81 F
Tuesday, May 24, 2022

Hotel boom leads to lower occupancy rates, finger pointing, and a shift in focus

Latest headlines

Pig farm accused of hiding cenotes and filling them in with cement

A pig farm in the municipality of Homún is being accused of filling in and hiding two cenotes from environmental authorities. 

New augmented reality app tells the story of Mérida’s iconic corner plaques

Mérida´s municipal government is launching a new mobile phone application to tell the story of the city’s iconic Centro corner plaques.

Tortas in the Park: Family carries on the tradition for 63 years 

Taqueria Don Beto in Parque Las Américas. Photo: Carlos Rosado van der Gracht Strolling through charming Parque de...

Kankí, the Maya city where the stone eyes of ancient gods burn as hot as the sun

Kankí may be only 10 miles or so from the Mérida-Campeche highway, but feels a world away.
Yucatán Magazine
Yucatán Magazine has the inside scoop on living here. Sign up to get our top headlines delivered to your inbox every week.

Skywork, a complex across Cabo Norte, is expected to be finished in mid-2019. Photo: Courtesy

Mérida, Yucatán — The local hotel association is blaming Airbnb for increased competition, but new hotels instead have turned their focus on a different type of traveler.

Travelers who prize efficiency over water features.

After a full Christmas and New Year’s, the state Secretariat of Tourism Promotion reports a 4.3 percent average occupancy dip the first three months of 2018, despite an increase in tourists. In Mérida alone, the fall is 4.7 percent.

Despite a growing number of hotel rooms in Mérida, Héctor Navarrete Medina, president of the local hotel association, blamed Airbnb and other digital booking platforms that make lavish and romantic private homes available to tourists.

Some of the homes online have lots of personality — trickling fountains, luxurious terraces and romantic décor that reflects local style, but most of the new hotels are contemporary and unapologetically generic.

That’s because new hotels rising in Mérida are more focused on travelers who are here for business more than pleasure.

Grupo Hotelero Prisma, a Mexican company that manages major U.S. hotel brands, is a good example. Its Holiday Inn & Suites Mérida Norte is slated to open in mid-2019, folded into the Skywork mixed-use complex.

The new Holiday Inn & Suites Mérida Norte hotel will have 93 rooms, including 15 suites.

Opposite Cabo Norte, north of the Periférico, the hotel’s promotions note its proximity to the World Trade Center, Banamex Tower and the Yucatán Industrial Park — all places of business.

“This hotel is designed for travelers looking for a sophisticated, comfortable and functional environment,” said Rafael De la Mora, Prisma general manager.

Rather than water features, hotels are more likely to invest in better Wi-Fi. There’s not a hint of Mayan wonder or tropical fantasy in the new wave of hotels coming in. Instead, technology and efficiency are stressed.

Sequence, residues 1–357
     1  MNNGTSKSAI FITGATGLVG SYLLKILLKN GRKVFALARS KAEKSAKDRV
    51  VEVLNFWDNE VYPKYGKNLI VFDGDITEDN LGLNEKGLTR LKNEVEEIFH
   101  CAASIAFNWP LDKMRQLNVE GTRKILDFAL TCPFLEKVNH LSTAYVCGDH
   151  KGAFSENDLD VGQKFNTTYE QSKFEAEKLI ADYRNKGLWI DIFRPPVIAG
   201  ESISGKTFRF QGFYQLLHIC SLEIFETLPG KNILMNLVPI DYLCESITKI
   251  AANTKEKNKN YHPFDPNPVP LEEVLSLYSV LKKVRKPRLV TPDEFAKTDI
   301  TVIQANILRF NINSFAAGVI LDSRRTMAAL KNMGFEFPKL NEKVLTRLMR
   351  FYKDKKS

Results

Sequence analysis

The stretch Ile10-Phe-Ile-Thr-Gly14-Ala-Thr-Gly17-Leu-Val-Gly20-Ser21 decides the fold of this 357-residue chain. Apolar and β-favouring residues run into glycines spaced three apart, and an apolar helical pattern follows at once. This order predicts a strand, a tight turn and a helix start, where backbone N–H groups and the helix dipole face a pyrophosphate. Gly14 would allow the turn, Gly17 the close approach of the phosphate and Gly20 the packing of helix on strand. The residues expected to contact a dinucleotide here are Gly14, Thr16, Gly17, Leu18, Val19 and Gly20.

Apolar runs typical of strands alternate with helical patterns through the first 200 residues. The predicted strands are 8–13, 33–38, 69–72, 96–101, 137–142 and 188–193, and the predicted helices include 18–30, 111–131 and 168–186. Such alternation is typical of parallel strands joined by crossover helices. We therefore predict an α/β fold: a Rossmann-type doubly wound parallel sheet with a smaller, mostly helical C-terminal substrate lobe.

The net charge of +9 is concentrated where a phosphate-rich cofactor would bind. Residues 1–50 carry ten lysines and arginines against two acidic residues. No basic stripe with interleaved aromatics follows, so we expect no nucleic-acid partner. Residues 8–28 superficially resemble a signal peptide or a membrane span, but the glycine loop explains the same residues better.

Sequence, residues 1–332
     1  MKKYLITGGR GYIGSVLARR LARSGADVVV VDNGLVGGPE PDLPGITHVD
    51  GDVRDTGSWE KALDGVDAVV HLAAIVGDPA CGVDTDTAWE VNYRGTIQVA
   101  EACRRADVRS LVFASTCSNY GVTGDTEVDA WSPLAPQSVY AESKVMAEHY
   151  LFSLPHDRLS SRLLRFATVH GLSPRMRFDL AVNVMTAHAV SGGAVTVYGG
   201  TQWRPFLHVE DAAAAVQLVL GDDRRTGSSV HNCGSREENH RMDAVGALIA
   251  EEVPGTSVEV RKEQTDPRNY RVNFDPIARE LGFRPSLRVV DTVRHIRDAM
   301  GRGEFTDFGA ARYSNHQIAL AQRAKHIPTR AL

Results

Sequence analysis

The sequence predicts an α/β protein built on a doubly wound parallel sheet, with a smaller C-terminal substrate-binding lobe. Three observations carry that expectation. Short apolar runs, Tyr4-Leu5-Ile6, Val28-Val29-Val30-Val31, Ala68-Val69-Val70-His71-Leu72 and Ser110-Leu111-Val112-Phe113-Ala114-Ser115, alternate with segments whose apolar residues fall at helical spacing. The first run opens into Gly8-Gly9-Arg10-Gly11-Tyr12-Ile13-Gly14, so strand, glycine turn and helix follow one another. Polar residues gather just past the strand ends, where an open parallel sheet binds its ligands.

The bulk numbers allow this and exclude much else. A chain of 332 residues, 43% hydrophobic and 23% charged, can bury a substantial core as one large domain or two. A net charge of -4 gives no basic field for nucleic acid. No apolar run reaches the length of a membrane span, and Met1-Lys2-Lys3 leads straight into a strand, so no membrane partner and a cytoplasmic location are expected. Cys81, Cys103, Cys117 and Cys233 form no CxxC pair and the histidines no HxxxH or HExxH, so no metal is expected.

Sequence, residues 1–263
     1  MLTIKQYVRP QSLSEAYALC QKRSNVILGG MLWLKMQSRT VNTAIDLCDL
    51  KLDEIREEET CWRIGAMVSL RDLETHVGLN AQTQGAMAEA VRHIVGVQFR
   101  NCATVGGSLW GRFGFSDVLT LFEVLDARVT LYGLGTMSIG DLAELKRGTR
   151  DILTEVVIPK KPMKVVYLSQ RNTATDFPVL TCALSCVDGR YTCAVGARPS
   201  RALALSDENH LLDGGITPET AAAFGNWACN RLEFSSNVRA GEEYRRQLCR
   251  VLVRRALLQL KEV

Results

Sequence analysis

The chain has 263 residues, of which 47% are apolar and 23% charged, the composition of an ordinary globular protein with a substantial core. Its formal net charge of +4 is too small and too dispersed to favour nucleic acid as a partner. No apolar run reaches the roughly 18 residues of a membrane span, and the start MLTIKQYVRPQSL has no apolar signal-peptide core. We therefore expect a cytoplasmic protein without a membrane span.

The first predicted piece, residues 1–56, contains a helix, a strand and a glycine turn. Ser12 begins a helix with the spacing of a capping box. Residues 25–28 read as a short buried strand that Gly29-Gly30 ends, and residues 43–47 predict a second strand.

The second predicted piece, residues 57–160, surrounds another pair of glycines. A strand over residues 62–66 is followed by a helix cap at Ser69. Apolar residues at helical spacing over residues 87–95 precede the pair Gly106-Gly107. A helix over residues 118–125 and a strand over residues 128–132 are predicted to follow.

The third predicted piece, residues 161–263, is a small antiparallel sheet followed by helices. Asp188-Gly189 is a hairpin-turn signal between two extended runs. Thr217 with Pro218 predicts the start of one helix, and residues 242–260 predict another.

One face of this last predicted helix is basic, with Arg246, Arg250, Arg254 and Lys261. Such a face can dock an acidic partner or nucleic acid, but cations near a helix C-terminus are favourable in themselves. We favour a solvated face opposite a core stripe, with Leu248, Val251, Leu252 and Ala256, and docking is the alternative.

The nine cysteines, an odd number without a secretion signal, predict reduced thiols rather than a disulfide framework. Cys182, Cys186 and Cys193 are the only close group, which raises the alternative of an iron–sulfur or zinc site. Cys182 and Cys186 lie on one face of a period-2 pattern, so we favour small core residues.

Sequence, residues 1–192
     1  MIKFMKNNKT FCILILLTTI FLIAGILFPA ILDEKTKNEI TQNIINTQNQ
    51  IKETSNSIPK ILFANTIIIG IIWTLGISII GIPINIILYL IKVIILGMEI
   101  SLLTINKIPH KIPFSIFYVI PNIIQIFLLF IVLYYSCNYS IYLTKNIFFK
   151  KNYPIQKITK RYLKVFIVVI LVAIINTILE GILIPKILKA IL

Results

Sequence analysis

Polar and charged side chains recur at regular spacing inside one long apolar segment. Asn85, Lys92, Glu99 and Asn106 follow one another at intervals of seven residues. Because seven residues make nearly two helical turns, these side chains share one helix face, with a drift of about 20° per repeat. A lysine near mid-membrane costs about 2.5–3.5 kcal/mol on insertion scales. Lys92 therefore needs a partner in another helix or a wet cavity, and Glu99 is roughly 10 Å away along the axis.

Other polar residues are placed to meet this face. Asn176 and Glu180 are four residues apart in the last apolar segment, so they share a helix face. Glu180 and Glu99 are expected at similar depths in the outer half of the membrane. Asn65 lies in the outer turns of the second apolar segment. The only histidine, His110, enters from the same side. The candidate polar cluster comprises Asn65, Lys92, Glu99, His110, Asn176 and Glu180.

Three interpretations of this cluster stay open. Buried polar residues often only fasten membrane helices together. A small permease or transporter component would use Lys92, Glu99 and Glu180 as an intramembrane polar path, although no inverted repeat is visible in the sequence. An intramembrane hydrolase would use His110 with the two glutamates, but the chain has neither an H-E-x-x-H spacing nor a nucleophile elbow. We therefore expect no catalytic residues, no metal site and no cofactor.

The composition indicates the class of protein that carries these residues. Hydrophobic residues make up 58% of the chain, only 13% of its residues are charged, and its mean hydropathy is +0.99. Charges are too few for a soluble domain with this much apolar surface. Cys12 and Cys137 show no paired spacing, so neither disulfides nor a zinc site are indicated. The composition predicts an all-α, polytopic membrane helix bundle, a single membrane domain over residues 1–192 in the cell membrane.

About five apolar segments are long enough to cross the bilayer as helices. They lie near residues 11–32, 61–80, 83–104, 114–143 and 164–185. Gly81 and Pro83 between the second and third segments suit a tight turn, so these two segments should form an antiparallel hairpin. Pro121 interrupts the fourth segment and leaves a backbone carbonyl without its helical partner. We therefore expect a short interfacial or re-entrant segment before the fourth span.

Prisma boasts of making guests’ stay “more fluid,” with automatic check-in and check-out. Mobile apps, not a human concierge, can arrange for a driver, dry cleaning or a dinner reservation.

Prisma operates 43 hotels across Mexico under the Hilton, Marriott, Holiday Inn, Wyndham and Starwood banners.

With information from Diario de Yucatán

- Advertisement -

Subscribe Now!

More articles

Court sets limits for ‘racist’ immigration checkpoints in Mexico

Mexican soldiers review documents at a Zacatecas checkpoint in March. Photo: Pedro Pardo / AFP via Getty Images

You won’t miss the meat or dairy in these recipes from Yucatán

Vegan, vegetarian and plant-based lifestyles are easy to enjoy, despite living in meat-centric Yucatán.  Now that we’ve listed our...

Yucatán COVID patient 1st to die in 49 days

Coronavirus cases rose steadily in a week that ended with Yucatán's first COVID fatality since April 2. A...

Expats in Mexico face impossible deadline to comply with new tax law

Taxpayers in Mérida wait for their numbers to be called at the SAT office. Photo: File A tax...

What is the Loop Current and how does it affect hurricanes on the Yucatán Peninsula?

A current of warm tropical water is looping unusually far into the Gulf of Mexico for this time of year, with the power to turn tropical storms into monster hurricanes.

Izamal revamps its infrastructure while seeking investment

A walking tour of Izamal includes Mayor Warnel May Escobar and Yucatán Gov. Mauricio Vila Dosal. Photo: Courtesy

Mexico looks to its southern neighbors for investment and international cooperation

Historically Mexico’s economic footprint regarding its neighbors to the south has been negligible at best, aside from a few large corporations such as Banco Azteca and Bimbo. 

Activists in Mérida observe International Day Against Homophobia, Transphobia and Biphobia

Trans pride flag flies over the Monumento a la Patria on Paseo de Montejo. Photo: Courtesy Jornada Maya

The Most Famous Mexican Mathematicians

Photo by Nothing Ahead via Pexels By James Collins The subject of mathematics can be...

Mexico’s COVID-19 vaccine contracts to remain a state secret until 2025

The true cost of Mexico’s COVID-19 vaccination campaign will not be known until well after the next round of federal elections....